So, it now appears that major league owners will overlook concerns about Frank McCourt’s highly leveraged proposal to buy the Dodgers and approve him as the new owner during a conference call before the Jan. 31 deadline.
Is this only a formality?
Have the Dodgers been operating under his financial philosophy already this winter, caught in a squeeze play between an owner determined to sell in News Corp. and the Boston real estate developer who is financing his purchase almost entirely with loans?
Well, considering a bat rack of factors, including the numbing reality that the attempt to strengthen the major leagues’ worst offense has been limited to the acquisition of Bubba Trammell and Juan Encarnacion, it would not be a surprise if McCourt point man Corey Busch has been playing more of a Dodger Stadium role than simply supervising the transition.
It would also not be a surprise, of course, if this baseball winter turns cold in a hurry for General Manager Dan Evans.
Whether McCourt has Oakland A’s General Manager Billy Beane on his speed dial or not, the status of Evans is certain to be one of his first considerations.
For now, six weeks before the start of spring training, Evans continues to insist he has a plan to strengthen the offense and that there are still market options with which to do it.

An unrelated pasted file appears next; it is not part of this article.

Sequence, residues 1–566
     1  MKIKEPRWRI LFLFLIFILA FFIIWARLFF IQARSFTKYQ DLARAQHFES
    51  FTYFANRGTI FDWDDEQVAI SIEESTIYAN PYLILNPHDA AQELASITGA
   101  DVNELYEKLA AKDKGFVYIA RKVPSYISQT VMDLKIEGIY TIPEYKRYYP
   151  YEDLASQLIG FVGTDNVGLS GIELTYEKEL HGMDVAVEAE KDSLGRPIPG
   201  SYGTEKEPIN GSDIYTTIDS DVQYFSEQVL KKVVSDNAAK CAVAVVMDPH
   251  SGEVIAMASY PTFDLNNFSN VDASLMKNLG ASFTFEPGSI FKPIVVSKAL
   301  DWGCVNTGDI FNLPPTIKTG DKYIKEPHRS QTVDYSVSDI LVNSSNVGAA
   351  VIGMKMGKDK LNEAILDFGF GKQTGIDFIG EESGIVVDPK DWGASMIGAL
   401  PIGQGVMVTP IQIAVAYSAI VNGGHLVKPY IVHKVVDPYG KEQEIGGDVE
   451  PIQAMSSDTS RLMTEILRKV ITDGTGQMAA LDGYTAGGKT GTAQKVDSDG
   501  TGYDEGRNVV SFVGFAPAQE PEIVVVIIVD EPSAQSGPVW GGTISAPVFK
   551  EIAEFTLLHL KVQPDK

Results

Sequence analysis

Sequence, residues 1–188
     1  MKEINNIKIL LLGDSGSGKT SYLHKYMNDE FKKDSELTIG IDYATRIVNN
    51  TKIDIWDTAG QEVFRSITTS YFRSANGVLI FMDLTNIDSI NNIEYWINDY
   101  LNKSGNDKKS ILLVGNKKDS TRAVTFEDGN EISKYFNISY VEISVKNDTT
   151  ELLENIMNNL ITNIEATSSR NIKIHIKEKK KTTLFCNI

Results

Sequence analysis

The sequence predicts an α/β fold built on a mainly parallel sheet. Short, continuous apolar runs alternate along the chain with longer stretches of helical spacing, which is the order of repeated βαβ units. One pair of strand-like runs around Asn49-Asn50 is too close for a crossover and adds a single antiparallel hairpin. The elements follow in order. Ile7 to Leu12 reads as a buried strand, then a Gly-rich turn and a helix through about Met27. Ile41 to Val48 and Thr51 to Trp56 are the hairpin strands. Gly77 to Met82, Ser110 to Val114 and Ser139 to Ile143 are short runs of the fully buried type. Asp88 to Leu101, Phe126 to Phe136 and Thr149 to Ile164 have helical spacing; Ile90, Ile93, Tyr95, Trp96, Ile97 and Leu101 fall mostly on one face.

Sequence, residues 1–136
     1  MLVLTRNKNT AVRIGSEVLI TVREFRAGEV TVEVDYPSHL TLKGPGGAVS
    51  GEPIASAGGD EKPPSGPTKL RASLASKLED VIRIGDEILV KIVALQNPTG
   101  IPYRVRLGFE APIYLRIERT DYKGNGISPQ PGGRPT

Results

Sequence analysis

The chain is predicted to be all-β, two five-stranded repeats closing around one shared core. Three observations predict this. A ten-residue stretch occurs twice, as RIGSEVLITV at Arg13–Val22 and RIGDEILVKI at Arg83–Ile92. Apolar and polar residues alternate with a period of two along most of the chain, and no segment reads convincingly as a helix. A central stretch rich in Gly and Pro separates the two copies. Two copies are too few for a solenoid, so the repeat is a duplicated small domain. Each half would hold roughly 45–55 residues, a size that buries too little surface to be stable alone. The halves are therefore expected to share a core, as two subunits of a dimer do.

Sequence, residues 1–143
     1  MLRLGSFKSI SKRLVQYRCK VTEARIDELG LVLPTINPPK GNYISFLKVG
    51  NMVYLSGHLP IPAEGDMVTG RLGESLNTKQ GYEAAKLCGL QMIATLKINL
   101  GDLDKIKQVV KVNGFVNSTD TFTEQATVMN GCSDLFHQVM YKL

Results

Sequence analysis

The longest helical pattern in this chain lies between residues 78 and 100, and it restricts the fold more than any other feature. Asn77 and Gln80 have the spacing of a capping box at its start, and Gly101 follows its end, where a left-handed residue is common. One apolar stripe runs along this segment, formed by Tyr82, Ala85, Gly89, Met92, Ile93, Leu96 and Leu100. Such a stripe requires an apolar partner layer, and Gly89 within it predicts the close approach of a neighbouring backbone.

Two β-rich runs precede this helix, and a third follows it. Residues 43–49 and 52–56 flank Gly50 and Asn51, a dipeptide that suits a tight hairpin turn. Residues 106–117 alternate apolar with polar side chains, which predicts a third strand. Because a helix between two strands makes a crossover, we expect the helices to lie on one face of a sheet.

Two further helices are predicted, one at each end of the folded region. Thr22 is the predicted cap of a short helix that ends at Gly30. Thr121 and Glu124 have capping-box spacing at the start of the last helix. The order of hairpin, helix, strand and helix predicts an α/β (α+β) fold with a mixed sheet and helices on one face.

However, his vague plan seemed to evaporate with the futile pursuit of Nomar Garciaparra.
Aside from his determination not to trade the promising Edwin Jackson, Greg Miller or Franklin Gutierrez, it is difficult to say what the plan was (is) or where the options are.
Reading again the other day from what has been his off-season script, Evans asked unhappy fans for patience and pointed out how baseball’s calendar has changed, how a market that once ended in December now extends into March.
“There is no way I feel that the off-season is close to being done,” he said. “There are still a lot of players out there who can have a positive effect on a club.”
The list gets shorter every day, however -- and with it, perhaps, Evans’ tenure.
The cold reality is that the Dodgers of Jan. 11 are weaker than the team that ended the 2003 season on Sept. 28.
There are holes at first base and in the No. 4 spot in the batting order, and there are questions offensively at more than half of the positions.
The National League’s best pitching staff kept the Dodgers competitive last year, but now Kevin Brown is gone from the front of the rotation and Paul Quantrill is gone from the back of the bullpen.
Now, too, there is no indication Evans has the financial freedom he and others in the organization claim he has.
It is as if McCourt and News Corp. have been satisfied to watch the interest compound on the accumulated savings from the trading of Brown and the departures of Andy Ashby, Brian Jordan, Fred McGriff and Daryle Ward.
Consider that a month of conversation with the agent for Vladimir Guerrero did not go beyond what a club official called exploratory and that Guerrero, arguably the game’s best player, agreed to terms with the Angels on Saturday, , which should be an embarrassment to Evans and his bosses.